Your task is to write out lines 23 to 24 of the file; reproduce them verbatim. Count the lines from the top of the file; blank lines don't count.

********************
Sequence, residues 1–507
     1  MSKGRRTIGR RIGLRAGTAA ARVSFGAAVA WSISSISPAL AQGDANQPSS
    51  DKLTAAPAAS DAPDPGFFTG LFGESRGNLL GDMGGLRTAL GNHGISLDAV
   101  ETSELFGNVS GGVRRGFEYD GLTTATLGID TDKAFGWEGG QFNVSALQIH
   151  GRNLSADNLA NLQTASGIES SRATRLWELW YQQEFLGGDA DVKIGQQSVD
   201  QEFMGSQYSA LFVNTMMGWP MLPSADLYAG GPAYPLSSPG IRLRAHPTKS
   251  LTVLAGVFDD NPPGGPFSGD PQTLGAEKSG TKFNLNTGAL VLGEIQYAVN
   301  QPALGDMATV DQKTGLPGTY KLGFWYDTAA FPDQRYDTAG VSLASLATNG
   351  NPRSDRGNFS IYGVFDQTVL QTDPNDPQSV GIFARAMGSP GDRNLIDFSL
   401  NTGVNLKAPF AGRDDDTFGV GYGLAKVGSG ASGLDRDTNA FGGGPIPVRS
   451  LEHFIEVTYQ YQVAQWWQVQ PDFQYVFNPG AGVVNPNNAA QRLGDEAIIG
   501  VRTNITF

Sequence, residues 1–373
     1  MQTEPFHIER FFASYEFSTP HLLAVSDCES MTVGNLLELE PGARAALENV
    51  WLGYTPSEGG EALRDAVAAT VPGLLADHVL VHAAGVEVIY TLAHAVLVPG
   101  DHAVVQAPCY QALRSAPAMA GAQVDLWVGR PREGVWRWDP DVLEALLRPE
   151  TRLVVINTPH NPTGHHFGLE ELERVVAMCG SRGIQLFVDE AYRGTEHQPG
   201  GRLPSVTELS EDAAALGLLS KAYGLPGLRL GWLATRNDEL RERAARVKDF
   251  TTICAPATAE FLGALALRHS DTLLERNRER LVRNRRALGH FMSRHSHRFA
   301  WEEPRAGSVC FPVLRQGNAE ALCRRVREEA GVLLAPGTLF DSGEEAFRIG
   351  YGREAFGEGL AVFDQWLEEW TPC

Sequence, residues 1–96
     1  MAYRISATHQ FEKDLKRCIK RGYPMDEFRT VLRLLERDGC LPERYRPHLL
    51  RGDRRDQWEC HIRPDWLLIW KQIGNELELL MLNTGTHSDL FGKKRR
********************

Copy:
     1  MAYRISATHQ FEKDLKRCIK RGYPMDEFRT VLRLLERDGC LPERYRPHLL
    51  RGDRRDQWEC HIRPDWLLIW KQIGNELELL MLNTGTHSDL FGKKRR